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Parks Collins
Natural Science
Mitchell Community College
En Garde! Animal Structures and What They Mean 

In most animals, the drive to breed and produce offspring is strong. However, most males live their whole lives without having the chance to breed. The events leading up to mating can be very dangerous and also very costly to an individual. Some males have evolved elaborate structures, or weapons, as a result. The structures do help males in both combative situations and with attracting females, but ironically, the structures themselves come with certain costs. This flipped case study provides students with the opportunity to not only see how animal structures and functions are linked, but also to see how certain animal structures are needed and costly. There are videos that students are expected to view before the case. The case was initially designed for a second semester college general biology class for majors. However, it can also be used in non-major biology classes. Students should have some background knowledge of natural selection, specifically sexual selection as well as energetic demands of certain structures.

Kudz-who? and Other Questions of Invasive Species 

It is now well known that non-native species have the potential to be harmful to an ecosystem, but that wasn't always the case, and getting rid of non-native invasive species is usually a difficult task. This brief, interrupted case study tells the story of kudzu's introduction into the United States in the late 1800s. It also examines (and even questions) how we define words like "native" versus "non-native" and "invasive" versus "non-invasive." Students will learn how invasive species impact ecosystems and why some non-native species never become established. They also will address questions related to eradicating non-native invasive species. For example, is it okay to attempt to get rid of a non-native species with another non-native species? As part of the activity, students also will have to decide whether or not kudzu should be considered "native" since it has been in the United States since 1876. Originally designed for a general biology course for majors, the case has also been used in a biology class for non-majors as well as an environmental biology class.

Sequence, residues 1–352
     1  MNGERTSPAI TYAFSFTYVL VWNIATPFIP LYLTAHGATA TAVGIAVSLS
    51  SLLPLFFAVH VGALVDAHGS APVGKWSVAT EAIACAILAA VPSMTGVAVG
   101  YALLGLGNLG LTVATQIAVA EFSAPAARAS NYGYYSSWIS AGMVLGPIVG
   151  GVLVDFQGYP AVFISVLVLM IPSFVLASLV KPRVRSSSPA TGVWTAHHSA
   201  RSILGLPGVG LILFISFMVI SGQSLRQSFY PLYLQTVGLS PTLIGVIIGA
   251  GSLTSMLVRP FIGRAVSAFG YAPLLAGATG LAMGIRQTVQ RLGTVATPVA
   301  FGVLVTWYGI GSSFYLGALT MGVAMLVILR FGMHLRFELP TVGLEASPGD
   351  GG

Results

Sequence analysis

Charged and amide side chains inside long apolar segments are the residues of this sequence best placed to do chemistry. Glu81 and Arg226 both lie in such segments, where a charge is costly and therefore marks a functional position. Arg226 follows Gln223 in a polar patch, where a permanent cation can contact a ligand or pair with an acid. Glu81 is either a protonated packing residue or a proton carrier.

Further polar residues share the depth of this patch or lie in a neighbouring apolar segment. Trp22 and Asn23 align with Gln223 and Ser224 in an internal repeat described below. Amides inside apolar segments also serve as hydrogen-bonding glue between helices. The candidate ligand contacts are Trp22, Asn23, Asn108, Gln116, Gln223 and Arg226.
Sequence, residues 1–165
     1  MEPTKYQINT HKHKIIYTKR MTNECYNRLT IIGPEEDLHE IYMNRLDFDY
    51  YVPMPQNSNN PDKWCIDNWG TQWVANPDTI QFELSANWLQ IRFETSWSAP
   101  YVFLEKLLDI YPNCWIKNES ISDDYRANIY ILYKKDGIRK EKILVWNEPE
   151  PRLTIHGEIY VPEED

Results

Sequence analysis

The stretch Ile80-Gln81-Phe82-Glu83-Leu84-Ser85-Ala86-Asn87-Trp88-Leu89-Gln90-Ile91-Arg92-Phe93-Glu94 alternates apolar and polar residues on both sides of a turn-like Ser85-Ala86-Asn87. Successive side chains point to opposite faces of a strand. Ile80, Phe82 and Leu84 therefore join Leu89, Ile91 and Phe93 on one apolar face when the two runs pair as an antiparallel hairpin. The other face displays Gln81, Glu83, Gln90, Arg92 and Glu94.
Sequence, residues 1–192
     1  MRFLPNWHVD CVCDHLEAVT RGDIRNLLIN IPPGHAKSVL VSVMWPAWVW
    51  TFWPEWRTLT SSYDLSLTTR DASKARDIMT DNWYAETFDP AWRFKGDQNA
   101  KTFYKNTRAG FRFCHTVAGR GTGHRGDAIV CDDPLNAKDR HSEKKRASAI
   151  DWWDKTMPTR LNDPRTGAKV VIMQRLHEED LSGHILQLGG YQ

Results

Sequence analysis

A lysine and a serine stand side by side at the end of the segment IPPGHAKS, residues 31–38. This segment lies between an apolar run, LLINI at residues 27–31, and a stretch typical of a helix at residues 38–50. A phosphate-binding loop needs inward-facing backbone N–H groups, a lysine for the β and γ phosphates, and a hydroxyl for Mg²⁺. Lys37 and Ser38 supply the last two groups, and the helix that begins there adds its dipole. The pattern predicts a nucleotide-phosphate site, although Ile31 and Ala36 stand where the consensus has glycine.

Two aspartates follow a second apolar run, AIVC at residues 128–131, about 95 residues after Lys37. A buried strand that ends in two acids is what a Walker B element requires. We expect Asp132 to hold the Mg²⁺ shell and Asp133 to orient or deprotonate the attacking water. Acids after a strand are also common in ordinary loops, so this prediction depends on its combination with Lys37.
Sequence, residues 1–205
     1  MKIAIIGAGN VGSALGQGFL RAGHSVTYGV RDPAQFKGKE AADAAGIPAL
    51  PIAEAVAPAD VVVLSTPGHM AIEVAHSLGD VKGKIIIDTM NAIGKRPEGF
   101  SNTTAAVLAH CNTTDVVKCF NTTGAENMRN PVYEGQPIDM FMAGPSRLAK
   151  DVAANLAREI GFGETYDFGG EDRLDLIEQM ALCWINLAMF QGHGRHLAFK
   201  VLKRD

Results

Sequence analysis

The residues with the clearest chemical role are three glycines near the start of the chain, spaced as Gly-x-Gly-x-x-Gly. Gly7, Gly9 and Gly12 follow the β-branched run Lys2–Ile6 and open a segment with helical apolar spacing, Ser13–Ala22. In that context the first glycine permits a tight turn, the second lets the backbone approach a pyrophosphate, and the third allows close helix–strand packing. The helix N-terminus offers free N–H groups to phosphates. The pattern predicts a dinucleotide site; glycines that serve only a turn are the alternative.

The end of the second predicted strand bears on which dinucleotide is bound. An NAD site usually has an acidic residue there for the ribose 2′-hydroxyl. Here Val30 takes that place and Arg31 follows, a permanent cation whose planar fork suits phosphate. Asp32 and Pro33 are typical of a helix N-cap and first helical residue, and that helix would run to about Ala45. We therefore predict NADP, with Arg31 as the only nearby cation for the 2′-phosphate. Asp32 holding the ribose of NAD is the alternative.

The Return of Canis lupus? 

Although gray wolves once freely roamed North America, the gradual loss of their habitat from westward expansion and extermination programs led to their demise in the early 20th century. Many argue that predators such as wolves benefit a functioning ecosystem. In 1995, following years of extensive planning and controversy, wolves were brought from Canada and restored to Yellowstone National Park. This case study provides students with an opportunity to integrate various abstract ecological concepts (trophic cascades, keystone species, interspecific versus intraspecific interactions) with applied ecology as they learn about the wolf reintroduction debate and the conservation of an ecosystem. As part of their case work, students formulate and present a management plan. Originally designed for a college ecology course, this case has also been successfully used with both majors and non-majors in basic biology courses. Students will need some background knowledge of community and population structure within ecosystems.